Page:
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  • Josh Wise

5S: The Lean Activities with the Biggest ROI



For many of us the first touch point for lean principles in our journey to lean excellence is going to be 5S. Once a company commits to lean excellence, typically the first action they take is creating a value stream map of their current processes. This allows them to accurately see the state of their facility and identify the first few opportunities for improvement activities like Kaizen events.


As far as front line employees go however, their first and probably most ongoing engagement with lean principles is going to be with 5S and it's variants (we'll get to the variants later). Ideally, all employees will be engaging in 5S activities on a daily basis. We'd love to see all employees engaging in kaizen events as much as they can, but at the beginning of your company's lean journey 5S activities are a great place to get your team involved. In this way 5S becomes a sort of launch pad for getting the rest of your team engaged.


5S is a great place to get your team on board the lean journey. For starters, 5S is easy to conceptualize. We all already do a lot of these things whether that's at home or at work. 5S just systematizes it.


5S has great ROI. For the amount of effort and time that goes into 5S activities, the results are big and immediately visible. Once they've become part of your routine, 5S activities take on average 5-15 minutes per day. Those 5-15 minutes can save hours off of your process times through out the rest of the week.


5S also just feels good. You know how great it feels when you finally get your inbox to zero or clean that closet in your house out. 5S makes your plant floor feel like that every day. Employees feel better. Processes get more efficient. Everything looks nicer. It's just great all around.


So lets go through the S's.


Sort - First we need to go through the work cell and sort out everything that's in there. If it's used there, it stays. If it's not, move it out. If you're not sure, put tag on it and if the operator has to remove it to use it then you know it should stay. The goal of sorting is to make sure the work cell only has what's needed in that work cell. Anything else is just in the way.


Straighten - So now that everything's been sorted it's time to straighten. Sometimes this step is called Set in Order. All of the things in that work cell need a place to be. Tools should have designated places they're returned to when they're not in use. Shadowboards are great here. Materials being used in the cell should have a designated place as well. A label maker and stickers to outline footprints are great places to start. The goal of Straighten is to make sure everything has a place. Ideally at the end of the day a person could look at the work cell and make sure all the tools and materials are ready for the next day.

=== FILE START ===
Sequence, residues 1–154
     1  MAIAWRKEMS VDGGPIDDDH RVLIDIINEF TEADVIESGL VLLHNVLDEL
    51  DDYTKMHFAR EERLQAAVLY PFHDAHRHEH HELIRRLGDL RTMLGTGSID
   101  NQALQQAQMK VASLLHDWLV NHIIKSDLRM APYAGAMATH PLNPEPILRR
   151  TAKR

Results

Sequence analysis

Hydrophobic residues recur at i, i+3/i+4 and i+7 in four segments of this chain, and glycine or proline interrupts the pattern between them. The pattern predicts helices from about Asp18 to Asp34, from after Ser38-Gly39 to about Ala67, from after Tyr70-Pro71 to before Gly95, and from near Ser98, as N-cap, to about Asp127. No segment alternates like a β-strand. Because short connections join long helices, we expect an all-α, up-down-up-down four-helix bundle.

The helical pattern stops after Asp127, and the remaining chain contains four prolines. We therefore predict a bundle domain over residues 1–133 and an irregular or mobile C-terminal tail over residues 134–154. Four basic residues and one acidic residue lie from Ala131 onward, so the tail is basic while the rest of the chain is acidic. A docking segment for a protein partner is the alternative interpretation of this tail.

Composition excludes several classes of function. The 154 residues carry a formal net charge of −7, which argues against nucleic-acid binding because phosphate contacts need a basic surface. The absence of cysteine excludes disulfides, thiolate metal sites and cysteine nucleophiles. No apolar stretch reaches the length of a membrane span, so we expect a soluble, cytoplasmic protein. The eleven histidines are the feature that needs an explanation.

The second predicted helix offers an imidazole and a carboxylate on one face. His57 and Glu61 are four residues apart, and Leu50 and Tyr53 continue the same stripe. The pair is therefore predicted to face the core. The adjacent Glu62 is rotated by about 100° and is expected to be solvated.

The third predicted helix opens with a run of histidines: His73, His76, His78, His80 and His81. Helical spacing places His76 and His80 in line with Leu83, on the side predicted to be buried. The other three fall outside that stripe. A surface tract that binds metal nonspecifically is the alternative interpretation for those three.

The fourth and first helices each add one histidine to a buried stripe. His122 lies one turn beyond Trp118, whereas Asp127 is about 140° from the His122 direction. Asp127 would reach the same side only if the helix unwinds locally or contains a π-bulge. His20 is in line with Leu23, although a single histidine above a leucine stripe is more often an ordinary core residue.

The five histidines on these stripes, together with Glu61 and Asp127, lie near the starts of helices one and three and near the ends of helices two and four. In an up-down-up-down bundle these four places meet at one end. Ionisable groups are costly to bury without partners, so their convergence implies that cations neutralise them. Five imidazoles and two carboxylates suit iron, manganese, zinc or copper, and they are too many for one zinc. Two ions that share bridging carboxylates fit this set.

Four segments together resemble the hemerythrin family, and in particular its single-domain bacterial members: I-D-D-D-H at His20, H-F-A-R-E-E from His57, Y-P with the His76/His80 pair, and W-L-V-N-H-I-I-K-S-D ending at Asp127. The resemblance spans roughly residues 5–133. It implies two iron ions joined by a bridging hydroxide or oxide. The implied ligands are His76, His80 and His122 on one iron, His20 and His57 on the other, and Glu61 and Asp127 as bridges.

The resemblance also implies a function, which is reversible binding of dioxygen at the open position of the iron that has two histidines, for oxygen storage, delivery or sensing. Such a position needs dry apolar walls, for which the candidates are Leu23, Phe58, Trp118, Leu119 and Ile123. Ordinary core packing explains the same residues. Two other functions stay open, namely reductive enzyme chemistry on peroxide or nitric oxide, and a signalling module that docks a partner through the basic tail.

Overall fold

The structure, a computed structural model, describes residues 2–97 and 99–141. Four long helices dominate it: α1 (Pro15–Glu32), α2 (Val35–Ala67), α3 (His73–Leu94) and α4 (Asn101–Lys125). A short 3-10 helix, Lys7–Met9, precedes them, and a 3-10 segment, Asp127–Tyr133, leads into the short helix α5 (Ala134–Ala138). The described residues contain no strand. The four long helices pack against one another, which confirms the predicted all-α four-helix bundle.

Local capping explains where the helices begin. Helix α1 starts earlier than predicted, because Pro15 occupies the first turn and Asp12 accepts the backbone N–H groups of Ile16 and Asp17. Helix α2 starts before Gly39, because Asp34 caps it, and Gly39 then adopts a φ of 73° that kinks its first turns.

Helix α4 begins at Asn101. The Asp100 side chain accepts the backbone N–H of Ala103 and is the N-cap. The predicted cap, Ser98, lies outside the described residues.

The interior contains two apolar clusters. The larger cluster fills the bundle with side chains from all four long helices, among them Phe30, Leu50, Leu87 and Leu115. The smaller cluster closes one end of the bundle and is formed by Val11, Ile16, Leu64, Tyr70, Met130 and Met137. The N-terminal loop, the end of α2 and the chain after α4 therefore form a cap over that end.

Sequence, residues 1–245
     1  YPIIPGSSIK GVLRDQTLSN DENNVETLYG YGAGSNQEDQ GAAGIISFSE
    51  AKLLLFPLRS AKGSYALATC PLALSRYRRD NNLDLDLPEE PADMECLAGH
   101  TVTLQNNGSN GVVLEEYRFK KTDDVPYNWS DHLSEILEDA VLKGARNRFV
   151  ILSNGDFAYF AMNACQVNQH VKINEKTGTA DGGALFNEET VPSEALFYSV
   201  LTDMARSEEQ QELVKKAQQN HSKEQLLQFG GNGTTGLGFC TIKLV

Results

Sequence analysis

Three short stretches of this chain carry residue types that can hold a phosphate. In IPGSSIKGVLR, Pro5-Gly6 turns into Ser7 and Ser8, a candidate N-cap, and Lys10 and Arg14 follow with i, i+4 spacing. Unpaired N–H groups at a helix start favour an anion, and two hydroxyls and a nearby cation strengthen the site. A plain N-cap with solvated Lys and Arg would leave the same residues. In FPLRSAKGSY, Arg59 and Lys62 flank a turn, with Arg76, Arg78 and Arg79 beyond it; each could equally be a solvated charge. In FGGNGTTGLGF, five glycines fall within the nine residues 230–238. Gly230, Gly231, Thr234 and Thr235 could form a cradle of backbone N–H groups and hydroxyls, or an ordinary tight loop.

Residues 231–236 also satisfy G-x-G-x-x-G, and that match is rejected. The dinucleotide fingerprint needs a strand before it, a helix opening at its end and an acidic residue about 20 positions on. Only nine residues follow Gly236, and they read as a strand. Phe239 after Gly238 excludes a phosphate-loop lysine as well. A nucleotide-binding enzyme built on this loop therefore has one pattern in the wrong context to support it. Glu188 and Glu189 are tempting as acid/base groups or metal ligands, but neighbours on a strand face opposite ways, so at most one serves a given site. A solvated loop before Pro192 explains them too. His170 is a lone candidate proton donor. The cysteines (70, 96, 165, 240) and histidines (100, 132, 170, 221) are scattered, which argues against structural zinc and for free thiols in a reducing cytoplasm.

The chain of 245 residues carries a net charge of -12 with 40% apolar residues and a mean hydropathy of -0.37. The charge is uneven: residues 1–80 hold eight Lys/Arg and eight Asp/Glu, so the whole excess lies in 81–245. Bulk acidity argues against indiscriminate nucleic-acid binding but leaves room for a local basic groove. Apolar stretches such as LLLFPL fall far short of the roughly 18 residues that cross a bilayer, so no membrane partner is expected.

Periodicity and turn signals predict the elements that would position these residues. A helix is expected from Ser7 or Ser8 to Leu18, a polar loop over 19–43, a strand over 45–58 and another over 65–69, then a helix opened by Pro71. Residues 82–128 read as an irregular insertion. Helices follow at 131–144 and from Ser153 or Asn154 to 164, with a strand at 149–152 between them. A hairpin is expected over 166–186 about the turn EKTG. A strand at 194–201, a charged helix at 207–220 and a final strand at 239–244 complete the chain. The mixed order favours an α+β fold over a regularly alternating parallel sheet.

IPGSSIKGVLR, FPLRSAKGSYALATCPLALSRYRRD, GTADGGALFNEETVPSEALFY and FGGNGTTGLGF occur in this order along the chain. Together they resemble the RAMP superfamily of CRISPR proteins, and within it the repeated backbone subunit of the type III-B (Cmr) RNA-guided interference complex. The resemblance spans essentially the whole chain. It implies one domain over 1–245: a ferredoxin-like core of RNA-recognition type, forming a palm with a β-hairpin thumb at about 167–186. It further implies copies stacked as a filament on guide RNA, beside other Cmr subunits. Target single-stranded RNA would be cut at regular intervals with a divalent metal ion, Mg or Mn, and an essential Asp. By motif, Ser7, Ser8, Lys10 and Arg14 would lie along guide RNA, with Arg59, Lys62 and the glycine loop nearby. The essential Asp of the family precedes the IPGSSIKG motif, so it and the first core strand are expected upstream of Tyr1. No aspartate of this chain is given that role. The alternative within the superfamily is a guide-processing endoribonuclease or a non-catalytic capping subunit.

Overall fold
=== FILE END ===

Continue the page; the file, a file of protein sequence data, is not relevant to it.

Shine - Once you've got your 5S activities in place, this is where your team will spend the majority of it's 5S time. Shine simply means making sure things are clean. Sweeping, mopping, wiping off surfaces, and cleaning tools all fall within Shine. The goal of shine is to make sure that the work cell is clean. A clean work cell is easier to work in. Clean tools are easier to check for damage.


Standardize - This means that once you've done the first three steps, you need to create systems to make sure 5S is done the same way across the board. Standard work documents or process documents can be created to implement this standardization across your company.


Sustain - Once you've set the standard, you need to sustain it. This involves making sure that everyone is on board with 5S, from operators to plant managers. This can be done through 5S audits and training. Sustain is about creating a culture of 5S and waste reduction.


There are some extra S's that some company's will throw in. Some include Safety, pointing out that safety should be a part of daily activities. Another source I found showed 10S's. In addition to 5S plus Safety, they had added, Spirit, Security, Strategy, and Superfluous. Those are great additions, in my opinion, but for the company just starting out on the lean path, they might be overwhelming to your team. That's not to say there's not value in them. It's just that for the company just starting out 5S will get you 95% of the way there. Maybe if a company if farther along in the process those extra categories are helpful, but for the majority of us 5S activities applied with consistency will yield massive results.

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